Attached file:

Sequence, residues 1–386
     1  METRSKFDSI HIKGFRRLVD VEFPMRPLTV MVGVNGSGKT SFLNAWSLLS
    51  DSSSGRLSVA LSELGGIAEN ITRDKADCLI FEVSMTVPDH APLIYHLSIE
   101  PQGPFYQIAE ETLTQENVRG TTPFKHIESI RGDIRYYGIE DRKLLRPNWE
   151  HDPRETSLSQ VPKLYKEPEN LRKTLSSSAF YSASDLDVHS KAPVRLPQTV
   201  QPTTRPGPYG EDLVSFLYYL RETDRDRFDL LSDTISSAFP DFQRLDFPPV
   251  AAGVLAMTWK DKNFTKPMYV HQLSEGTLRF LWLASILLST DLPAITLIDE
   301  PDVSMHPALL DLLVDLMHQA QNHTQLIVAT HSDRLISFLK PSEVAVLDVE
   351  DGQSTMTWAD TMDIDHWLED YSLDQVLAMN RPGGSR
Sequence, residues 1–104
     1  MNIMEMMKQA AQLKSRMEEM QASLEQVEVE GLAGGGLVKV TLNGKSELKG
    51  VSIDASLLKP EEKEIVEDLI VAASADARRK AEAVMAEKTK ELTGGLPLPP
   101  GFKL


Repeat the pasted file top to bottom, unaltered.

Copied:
Sequence, residues 1–386
     1  METRSKFDSI HIKGFRRLVD VEFPMRPLTV MVGVNGSGKT SFLNAWSLLS
    51  DSSSGRLSVA LSELGGIAEN ITRDKADCLI FEVSMTVPDH APLIYHLSIE
   101  PQGPFYQIAE ETLTQENVRG TTPFKHIESI RGDIRYYGIE DRKLLRPNWE
   151  HDPRETSLSQ VPKLYKEPEN LRKTLSSSAF YSASDLDVHS KAPVRLPQTV
   201  QPTTRPGPYG EDLVSFLYYL RETDRDRFDL LSDTISSAFP DFQRLDFPPV
   251  AAGVLAMTWK DKNFTKPMYV HQLSEGTLRF LWLASILLST DLPAITLIDE
   301  PDVSMHPALL DLLVDLMHQA QNHTQLIVAT HSDRLISFLK PSEVAVLDVE
   351  DGQSTMTWAD TMDIDHWLED YSLDQVLAMN RPGGSR
Sequence, residues 1–104
     1  MNIMEMMKQA AQLKSRMEEM QASLEQVEVE GLAGGGLVKV TLNGKSELKG
    51  VSIDASLLKP EEKEIVEDLI VAASADARRK AEAVMAEKTK ELTGGLPLPP
   101  GFKL